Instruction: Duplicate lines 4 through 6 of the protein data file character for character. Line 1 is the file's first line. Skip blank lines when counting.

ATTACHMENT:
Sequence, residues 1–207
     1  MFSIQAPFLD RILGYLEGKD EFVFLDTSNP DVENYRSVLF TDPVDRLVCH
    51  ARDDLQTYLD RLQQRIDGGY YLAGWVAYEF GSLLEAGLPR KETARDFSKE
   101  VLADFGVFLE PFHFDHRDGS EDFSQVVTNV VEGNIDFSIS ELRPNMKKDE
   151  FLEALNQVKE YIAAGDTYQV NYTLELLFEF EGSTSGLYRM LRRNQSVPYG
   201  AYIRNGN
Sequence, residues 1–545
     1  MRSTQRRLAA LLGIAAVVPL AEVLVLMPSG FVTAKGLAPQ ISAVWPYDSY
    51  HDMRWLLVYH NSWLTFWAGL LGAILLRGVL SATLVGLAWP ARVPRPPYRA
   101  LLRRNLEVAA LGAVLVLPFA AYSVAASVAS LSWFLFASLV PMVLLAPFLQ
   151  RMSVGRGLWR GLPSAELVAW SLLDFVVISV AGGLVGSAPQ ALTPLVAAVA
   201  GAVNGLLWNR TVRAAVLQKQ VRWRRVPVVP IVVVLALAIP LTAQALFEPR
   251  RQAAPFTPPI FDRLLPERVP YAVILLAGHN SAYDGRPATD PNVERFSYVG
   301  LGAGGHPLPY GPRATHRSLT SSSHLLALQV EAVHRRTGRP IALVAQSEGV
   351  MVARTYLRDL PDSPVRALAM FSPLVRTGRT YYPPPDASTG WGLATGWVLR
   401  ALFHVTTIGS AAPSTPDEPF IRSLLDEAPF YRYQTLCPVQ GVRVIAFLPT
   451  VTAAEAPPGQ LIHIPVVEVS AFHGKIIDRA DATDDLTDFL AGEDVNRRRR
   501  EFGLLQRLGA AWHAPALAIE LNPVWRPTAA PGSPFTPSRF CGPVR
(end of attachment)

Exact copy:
   101  VLADFGVFLE PFHFDHRDGS EDFSQVVTNV VEGNIDFSIS ELRPNMKKDE
   151  FLEALNQVKE YIAAGDTYQV NYTLELLFEF EGSTSGLYRM LRRNQSVPYG
   201  AYIRNGN